Note that the CHA250B is NOT a resonant antenna. It is effectively a vertical "random wire" length antenna with a fairly complex (internally) matching network at the base. Changing antenna length by a foot or two has minimal impact on SWR (I tried this). As such, on bands where it is electrically short (particularly 80M and 40M), the radiation resistance is low and the matching base absorbs a large percentage of transmitted power, which is why it is limited to just over 100 watts PEP input. But ask any QRP'er - even 20W out ERP is more than enough to work the world on 80 and 40M. This is NOT a competition grade antenna - it is compact and easy to put up, and gets you on the bands very quickly.

Trying to turn this antenna into a ground mounted (ground plane) with buried radials seems pretty silly. Ground mirror effects will make it electrically much longer, but will also interfere with the purpose-built matching network's effectiveness, raising SWR significantly, as I discovered. But up 35 feet, with a feed-line choke attached, it sings pretty well.
WA6BFG Rating: 4/5 Oct 26, 2015 13:18 Send this review to a friend
Wow much better than I thought  Time owned: 6 to 12 months
Wow much better than I thought. I've had numerous vertical Antennas in different locations in my 43 years in ham radio. Have had very good luck with verticals some better than others most the other verticals I used where following R6000,R7000 to name a few and they worked quite well. I have moved into a location six months ago that provides a little limited space so I thought I might try one of these 250B. I worked the contest last weekend just to give this guy a work out. Although I didn't open any bands I did manage to work quite a bit of DX with the 100 Watts. I'll give you a little rundown worked Bonaire , Asiatic Russian, Australia, Hawaii, Alaska, State of Maine sundry other US stations. The primary bands that we worked 10 and 15 and just a couple on 20. I could hear quite a few Europeans but I couldn't get through the pileups from the East Coast. About as far south as I could get was Mexico I heard some South American stations but no joy. I've got everything installed on aircraft aluminum tubing in the backyard at 12 feet I'm feeding it with Low loss coaxial cable 75 foot run from the ham shack to CHA-250B
N7DKL Rating: 5/5 Oct 24, 2015 21:27 Send this review to a friend
Much better than expected  Time owned: 3 to 6 months
I have very small lot that is almost all cement, so radials are not really an option. I thought I would give this antenna a try and really didn't expect much but WOW, I have been very surprised! I have it mounted about 20 feet in the air on an expandable flagpole (thank you Harbor Freight) and the only "radials" are the three guy wires from the base. I run a Kenwood TS-2000 at 100 watts and use a MFJ-929 tuner. I get less than 1.3:1 SWR all the way from 1.8-30 Mhz. I have made contacts all over the USA including Alaska, Hawaii and PR, as well as Canada, Australia, Finland, Cuba, Croatia, Japan, Cyprus, Estonia, Aland Islands, Russia, Columbia and the South Cook Islands. Not too bad for an aluminum stick.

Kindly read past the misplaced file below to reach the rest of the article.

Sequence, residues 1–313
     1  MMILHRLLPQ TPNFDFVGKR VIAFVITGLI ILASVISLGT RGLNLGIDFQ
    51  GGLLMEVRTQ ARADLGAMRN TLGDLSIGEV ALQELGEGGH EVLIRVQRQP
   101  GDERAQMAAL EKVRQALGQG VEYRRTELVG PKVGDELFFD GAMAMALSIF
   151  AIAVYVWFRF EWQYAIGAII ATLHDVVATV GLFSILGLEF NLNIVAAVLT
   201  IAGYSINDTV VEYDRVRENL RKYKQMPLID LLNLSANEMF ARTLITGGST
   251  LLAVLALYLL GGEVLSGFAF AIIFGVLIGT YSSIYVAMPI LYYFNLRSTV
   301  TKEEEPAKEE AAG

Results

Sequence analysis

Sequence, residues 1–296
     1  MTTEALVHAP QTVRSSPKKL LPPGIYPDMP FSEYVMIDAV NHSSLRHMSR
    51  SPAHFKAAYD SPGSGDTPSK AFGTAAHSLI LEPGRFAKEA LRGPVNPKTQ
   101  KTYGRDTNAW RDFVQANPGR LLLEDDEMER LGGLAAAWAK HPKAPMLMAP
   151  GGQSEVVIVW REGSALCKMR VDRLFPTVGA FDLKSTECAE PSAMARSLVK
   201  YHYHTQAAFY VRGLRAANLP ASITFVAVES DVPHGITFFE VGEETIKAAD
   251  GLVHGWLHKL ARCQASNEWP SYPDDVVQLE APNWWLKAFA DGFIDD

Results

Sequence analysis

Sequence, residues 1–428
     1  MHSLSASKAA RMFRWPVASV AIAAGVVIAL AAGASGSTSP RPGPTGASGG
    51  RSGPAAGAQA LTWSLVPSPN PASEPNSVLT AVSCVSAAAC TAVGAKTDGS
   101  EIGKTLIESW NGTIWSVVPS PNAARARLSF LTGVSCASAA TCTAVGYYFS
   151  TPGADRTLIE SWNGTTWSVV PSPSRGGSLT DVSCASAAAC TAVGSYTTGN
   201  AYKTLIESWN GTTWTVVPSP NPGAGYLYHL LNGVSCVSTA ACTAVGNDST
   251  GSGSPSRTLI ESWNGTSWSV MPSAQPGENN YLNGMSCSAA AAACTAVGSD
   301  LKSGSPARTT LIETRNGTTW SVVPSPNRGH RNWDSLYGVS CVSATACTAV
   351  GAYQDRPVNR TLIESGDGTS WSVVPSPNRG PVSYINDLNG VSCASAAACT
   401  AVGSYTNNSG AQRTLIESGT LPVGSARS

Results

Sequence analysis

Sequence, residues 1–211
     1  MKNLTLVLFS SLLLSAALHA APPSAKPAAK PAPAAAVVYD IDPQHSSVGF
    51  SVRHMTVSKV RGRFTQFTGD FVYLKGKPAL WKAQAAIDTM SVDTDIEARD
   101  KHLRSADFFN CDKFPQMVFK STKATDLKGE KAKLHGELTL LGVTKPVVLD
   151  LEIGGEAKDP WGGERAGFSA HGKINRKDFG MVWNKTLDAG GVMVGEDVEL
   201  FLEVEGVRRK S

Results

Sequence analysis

AD4C2006 Rating: 1/5 Oct 22, 2015 08:57 Send this review to a friend
Not a good antenna   Time owned: 0 to 3 months
I always has been very curious about this "misterious" vertical that has a very low SWR from 3.5 to 55 Mhz and certainly its amazing how well matched is in all HF and VHF bands, the highest reading I have is on 3.8 Mhz which is just 1.7 but in the rest of all bands including 6M is less than 1.5 been only 1.1 in several bands.
But low SWR don't mean efficiency, I can put a dummy load in a pole capable of handling 250W and radio/amp will be happy but nobody will hear me far away and that is what this antenna is, I will call it an efficient dummy load.
I have it installed over a 20 feet galvanized pole without any radials and the bazooka dipole is also at same altitud but horizontally mounted.
The radiated energy compared with any other antenna is much less, I have compared it with my bazooka for 40M that is flat in that band but could be tuned in any other bands over 7Mhz and the difference is day to night.
When I get a solid S9 with the bazooka dipole, the received report from this vertical will be S4 to S5, an average of 50% less power radiated so be prepared to lose that amount of power if you are going to spend big bucks on this low efficiency vertical.
The antenna is quite and I guess is precisely because of lack of gain but is not the choice for a home restrictions place like I am living at.
Chances are that eventually I will put it down and replace it for any other more efficient multiband antenna but at least I fixed my curiosity. Nobody will tell me how good or bad this antenna is because I have tested it by my own.
N5UXT Rating: 0/5 Oct 5, 2015 12:44 Send this review to a friend
Design Flaw  Time owned: more than 12 months